When you interview for a position, you understand that hiring managers will be contacting your references and calling past employees. What you may not realize, however, is that companies may also review your social media profiles. If companies are checking your Facebook profile, will they determine you are a good fit for their organization?
Social media sites such as Facebook are a public medium. As long as you don’t limit who can view your profile, you will be subject to public scrutiny. Companies already monitor profiles for employees and may let workers go if people post something on Facebook or Twitter that is against company policy. This social media voyeurism now extends to job candidates as well.
What Your Profile Tells Companies
What is it that businesses are looking for when they review an individual’s social media profile? Hiring managers are judging your profile and posts to determine five basic aspects of compatibility:
- Work ethic: your social media page can show how conscientious you are.
- How you deal with pressure: do you show signs of frequent stress in your posts?
- How you work with others: posts you write about people show how well you work with others.
- Are you a leader or follower: do you take command of a situation or follow the likes of others?
- Are you open to new experiences: do you post about new sites and opportunities?
Interviewers will determine if you are a good fit for the position and the organization based on these five aspects before they even contact you for an interview. Companies feel that your social profile is a more-honest picture of who you are than your answers to face-to-face interview questions.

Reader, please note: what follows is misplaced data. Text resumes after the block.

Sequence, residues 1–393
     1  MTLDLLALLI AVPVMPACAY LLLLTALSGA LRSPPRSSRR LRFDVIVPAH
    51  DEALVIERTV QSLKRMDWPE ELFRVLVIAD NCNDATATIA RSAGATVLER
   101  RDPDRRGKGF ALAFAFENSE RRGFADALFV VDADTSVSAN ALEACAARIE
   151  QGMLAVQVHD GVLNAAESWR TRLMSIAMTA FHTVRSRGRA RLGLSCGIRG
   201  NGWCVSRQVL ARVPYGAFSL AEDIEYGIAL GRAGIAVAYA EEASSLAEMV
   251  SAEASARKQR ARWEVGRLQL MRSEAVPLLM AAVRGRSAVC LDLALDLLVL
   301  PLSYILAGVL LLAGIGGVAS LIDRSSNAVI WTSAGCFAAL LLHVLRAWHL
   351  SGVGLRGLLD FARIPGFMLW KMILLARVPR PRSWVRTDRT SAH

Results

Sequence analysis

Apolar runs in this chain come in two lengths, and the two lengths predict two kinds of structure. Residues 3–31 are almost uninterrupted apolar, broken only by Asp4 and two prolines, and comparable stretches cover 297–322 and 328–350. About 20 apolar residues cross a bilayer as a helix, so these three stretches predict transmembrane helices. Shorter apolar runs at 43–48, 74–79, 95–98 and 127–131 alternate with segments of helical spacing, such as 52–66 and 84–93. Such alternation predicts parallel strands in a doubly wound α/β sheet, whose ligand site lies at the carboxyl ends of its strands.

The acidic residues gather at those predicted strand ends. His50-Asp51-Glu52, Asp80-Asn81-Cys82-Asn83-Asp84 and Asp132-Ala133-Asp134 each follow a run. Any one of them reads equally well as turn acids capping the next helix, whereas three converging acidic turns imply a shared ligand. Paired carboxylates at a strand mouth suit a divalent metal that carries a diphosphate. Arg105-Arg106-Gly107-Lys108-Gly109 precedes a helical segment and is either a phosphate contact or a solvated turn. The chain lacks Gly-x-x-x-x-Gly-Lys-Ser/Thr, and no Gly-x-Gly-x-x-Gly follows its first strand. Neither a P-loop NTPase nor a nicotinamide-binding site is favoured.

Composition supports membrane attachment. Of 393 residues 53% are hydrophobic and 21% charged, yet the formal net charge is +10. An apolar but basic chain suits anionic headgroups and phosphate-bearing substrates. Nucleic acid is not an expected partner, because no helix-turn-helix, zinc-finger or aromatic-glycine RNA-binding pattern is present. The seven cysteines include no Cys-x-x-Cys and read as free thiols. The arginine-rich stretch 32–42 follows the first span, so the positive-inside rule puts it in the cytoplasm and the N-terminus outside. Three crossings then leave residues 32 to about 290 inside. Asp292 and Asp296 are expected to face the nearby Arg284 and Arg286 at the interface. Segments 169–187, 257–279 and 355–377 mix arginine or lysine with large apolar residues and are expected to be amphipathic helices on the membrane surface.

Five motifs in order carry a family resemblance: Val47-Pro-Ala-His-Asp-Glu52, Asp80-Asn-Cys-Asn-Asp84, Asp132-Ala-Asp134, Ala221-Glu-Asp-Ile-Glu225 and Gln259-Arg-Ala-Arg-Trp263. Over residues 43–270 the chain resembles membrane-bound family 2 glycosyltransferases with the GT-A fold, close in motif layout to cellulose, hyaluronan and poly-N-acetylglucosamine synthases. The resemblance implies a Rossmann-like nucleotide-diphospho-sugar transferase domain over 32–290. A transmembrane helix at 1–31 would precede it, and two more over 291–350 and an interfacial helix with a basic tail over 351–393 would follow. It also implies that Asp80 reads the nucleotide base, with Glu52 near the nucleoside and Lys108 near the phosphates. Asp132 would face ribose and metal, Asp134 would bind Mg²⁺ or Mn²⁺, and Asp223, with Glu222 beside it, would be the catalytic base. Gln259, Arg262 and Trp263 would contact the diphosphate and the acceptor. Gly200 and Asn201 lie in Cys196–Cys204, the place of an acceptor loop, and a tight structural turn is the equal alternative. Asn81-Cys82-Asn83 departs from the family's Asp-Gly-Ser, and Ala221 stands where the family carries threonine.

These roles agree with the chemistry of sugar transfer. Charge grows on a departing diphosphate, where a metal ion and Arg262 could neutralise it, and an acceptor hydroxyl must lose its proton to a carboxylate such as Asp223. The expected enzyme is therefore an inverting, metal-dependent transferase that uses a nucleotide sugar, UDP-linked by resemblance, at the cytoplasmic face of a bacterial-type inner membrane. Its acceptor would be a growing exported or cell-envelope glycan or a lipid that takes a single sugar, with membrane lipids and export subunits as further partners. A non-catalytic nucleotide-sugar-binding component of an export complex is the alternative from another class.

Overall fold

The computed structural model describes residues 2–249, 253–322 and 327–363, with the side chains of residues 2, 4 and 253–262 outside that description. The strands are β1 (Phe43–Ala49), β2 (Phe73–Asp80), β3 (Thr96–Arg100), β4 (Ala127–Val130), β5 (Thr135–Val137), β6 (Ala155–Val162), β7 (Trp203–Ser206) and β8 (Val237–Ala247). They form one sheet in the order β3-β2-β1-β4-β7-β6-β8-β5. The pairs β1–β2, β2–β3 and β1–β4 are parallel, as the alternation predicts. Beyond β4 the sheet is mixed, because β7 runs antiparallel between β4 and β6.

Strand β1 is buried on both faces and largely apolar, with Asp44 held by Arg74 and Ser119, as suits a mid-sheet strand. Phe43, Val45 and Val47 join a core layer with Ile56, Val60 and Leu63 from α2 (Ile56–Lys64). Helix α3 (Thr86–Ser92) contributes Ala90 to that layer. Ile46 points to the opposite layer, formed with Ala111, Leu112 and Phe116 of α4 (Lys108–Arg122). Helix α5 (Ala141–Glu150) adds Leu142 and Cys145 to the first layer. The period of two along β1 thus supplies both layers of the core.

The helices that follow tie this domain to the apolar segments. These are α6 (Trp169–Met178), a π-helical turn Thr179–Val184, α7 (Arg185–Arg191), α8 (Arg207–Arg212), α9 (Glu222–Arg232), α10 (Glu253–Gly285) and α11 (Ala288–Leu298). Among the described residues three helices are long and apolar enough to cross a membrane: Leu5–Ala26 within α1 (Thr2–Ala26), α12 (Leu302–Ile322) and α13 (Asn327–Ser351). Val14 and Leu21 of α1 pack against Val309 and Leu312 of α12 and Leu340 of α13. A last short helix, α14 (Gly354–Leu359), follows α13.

Other Factors that Impact Decisions
Beyond your social media profile, what you do or do not write in your posts will have an impact on the opinion a hiring manager will create about you. If you are looking to be hired by potential employers, you want to avoid:
- Poor spelling and grammar in your posts
- References to alcohol or substance abuse
- Sexual innuendos and posts of a sexual nature
- Your political affiliations
- Your opinions on guns and gun control
All of these types of posts may make a hiring manager believe you won’t be a good fit for the culture of their company or that you have a poor work ethic. One aspect to note is that while you won’t want to make your political affiliations public, you do want to mention your good works. People who discuss their charitable donations and volunteering improve their chances of being hired by a company.
It is a digital world where social media has a huge impact on society. As your world becomes less private, you need to consider what you post on sites such as Facebook. By taking the time to consider the effect your “funny” post about last night’s party has on today, you will improve your chances of landing the perfect job tomorrow. To learn more about improving your chances of finding the job you want, contact us.